Matthew McConaughey plays a detective with a deadly sideline in Killer Joe
Published: 28 June, 2012
by DAN CARRIER
Directed by William Friedkin
Rating: 4 Out Of 5 Stars
Your mum steals your stash, leaving you heavily in debt to the type of people that you really don’t want to be heavily in debt to.
So you hatch a plot with your dad to bump her off, claim the life insurance and save yourself from a beating.
It’s not a nice premise to start a film with, and brilliantly sets the tone for Killer Joe, a crazy, well-paced adventure through the dirty suburbs of Dallas.
Chris (Emile Hirsch) is up against a drug-running, protection-racketing bigwig, who employs Hell’s Angels attack dogs to ensure small-time dealers don’t stray.
A way out comes in the form of the $50,000 life insurance policy that will go to his little sister Dottie (Juno Temple) if mum should come a cropper.
Chris and his dad Ansel (Thomas Haden Church, with a character whose name recalls the great American landscape photographer, and whose beefy looks fit in with the idea of your average blue-collar who has, like the nation, begun to wither) don’t have the cunning to take her out without getting caught, and that’s where Killer Joe (Matthew McConaughey) comes in.
A detective in the Dallas police department, he runs a sideline in bumping off people for cash. He is promised a wedge if mum gets it – but takes an unhealthy shine to little Dottie in the process.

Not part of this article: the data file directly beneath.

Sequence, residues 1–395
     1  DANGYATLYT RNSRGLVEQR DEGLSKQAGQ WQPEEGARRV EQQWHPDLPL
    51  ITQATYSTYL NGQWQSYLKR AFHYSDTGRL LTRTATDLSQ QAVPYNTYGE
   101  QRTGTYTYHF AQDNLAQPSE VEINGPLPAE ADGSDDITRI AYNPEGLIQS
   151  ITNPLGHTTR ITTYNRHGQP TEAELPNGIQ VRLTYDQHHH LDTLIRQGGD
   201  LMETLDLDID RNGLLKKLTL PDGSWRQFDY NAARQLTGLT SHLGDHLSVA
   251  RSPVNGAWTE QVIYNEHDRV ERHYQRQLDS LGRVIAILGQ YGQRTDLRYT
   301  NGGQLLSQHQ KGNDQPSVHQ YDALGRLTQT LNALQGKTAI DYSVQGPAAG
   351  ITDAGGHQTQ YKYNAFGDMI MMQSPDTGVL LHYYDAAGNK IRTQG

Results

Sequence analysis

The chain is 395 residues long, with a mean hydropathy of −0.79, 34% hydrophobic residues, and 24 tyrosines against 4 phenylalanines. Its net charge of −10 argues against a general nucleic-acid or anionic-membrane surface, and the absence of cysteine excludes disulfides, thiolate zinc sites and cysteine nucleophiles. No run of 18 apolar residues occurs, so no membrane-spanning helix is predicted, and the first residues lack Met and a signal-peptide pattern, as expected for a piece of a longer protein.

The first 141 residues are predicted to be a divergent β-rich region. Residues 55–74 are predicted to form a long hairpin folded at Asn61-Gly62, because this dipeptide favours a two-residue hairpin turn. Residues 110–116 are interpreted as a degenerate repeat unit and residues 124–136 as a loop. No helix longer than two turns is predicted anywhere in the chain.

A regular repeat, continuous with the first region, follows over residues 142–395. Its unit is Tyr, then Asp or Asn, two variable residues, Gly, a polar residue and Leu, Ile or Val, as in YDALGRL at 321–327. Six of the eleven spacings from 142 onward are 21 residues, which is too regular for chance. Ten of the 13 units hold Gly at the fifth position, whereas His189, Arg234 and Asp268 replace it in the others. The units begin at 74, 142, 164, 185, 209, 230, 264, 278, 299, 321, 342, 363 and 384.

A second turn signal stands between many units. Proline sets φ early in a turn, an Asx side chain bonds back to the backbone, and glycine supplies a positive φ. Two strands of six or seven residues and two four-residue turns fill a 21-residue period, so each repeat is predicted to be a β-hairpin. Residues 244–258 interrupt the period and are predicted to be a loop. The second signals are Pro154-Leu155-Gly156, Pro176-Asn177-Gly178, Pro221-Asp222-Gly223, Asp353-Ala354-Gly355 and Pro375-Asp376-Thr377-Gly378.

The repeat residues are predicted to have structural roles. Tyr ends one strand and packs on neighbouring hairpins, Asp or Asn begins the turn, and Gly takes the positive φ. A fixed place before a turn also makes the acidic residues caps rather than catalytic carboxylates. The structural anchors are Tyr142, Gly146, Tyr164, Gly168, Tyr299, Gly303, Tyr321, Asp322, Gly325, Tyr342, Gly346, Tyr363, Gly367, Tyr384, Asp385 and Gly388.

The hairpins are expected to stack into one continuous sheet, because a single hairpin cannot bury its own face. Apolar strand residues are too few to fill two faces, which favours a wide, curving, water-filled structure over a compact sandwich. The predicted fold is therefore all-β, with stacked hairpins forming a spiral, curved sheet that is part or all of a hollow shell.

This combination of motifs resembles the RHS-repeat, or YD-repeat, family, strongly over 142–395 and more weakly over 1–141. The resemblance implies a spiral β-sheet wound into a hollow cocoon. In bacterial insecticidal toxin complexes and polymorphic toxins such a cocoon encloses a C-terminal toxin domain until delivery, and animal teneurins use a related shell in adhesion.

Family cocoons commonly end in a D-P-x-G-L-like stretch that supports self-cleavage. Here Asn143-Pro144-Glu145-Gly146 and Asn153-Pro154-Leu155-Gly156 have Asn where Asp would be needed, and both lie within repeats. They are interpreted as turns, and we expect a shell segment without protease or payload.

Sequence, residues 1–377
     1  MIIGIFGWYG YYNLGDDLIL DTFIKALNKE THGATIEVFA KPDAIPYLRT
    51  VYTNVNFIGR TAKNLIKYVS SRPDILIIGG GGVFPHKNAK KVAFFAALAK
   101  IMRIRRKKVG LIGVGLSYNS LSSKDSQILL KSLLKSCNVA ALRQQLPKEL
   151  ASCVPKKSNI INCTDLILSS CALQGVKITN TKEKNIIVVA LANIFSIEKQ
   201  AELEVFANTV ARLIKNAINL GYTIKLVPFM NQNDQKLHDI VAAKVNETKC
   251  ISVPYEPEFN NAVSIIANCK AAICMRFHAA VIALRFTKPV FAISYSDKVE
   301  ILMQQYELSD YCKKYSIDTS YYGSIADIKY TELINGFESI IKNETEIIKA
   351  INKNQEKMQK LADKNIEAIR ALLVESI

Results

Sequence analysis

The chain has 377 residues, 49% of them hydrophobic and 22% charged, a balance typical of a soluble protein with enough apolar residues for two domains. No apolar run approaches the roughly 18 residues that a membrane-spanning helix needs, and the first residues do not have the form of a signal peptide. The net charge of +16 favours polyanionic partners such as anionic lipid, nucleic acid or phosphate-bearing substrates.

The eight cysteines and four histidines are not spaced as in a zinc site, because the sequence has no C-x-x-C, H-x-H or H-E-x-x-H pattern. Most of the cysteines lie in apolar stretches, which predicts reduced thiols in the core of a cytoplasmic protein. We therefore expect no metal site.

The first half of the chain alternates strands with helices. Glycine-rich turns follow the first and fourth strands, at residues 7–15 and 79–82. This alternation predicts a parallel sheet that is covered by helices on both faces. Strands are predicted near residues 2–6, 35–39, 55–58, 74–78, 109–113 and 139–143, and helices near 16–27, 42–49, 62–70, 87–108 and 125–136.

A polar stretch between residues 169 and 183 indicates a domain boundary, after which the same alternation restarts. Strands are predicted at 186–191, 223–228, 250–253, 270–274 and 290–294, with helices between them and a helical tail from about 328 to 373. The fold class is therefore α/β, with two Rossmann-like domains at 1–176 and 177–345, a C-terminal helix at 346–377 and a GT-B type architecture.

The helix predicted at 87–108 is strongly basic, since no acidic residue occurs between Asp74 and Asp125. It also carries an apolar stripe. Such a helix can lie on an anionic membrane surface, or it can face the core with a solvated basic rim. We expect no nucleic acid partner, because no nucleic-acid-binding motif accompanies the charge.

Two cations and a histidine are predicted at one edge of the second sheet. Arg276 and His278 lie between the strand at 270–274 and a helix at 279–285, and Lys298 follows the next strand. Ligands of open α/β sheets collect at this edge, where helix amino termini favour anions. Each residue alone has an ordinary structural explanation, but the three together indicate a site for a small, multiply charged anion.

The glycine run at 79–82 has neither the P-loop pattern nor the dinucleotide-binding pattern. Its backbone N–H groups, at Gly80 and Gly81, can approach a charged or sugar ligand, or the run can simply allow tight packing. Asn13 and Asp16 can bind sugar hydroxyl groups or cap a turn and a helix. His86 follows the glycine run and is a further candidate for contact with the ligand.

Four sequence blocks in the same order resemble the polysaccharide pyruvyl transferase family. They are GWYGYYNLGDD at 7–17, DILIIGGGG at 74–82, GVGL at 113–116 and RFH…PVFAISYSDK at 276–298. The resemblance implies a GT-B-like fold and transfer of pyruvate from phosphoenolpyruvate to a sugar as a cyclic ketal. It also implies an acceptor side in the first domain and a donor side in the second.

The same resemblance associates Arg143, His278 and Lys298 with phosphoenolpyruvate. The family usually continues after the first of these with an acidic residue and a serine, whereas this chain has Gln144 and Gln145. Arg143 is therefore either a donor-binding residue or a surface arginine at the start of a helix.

This is a Texas of Truman Capote’s In Cold Blood, seen through the eyes of James M Cain and Jack Kerouac, a contemporary piece of film noir, whose grandparents were the 50s drifters, the ex-GIs who became dead-eyed in European battlefields and returned to country with a clear demarcation line between the haves and have-nots.
It has a vein of grotesque humour running through it, the type that Tarantino did so well in parts of Pulp Fiction.
But a couple of moments are particularly disturbing, and take Killer Joe lurching away from Quentin’s posturing gaiety into something much darker.
In this America, where the dream has become a nightmare, there is also a nasty sense of sexual violence.
The stench of poverty permeates each scene: the unemployed men’s demand for their “beer money” from the women who have low-paid jobs, the tin-shack mobile homes that have weeds growing in the mud around their long-withered tyres, the constantly barking dog, which prompts the mantra, “shut up,
T-Bone”, in almost every other scene, the drugs and guns and violence that are as natural to this cast as escapism provided by the monster truck programmes constantly on the TV.
This film is also about decay.
This is a Texas that has long been soiled by unfettered oil-capitalism, a once-fertile land of rolling plains now marked not by roaming buffalo but by crackheads huddling under concrete flyovers.
It’s an enthralling film, depressing, at times funny, and constantly disturbing. It is also, on a deeper level, a damning indictment of a nation-state that has rotted from within.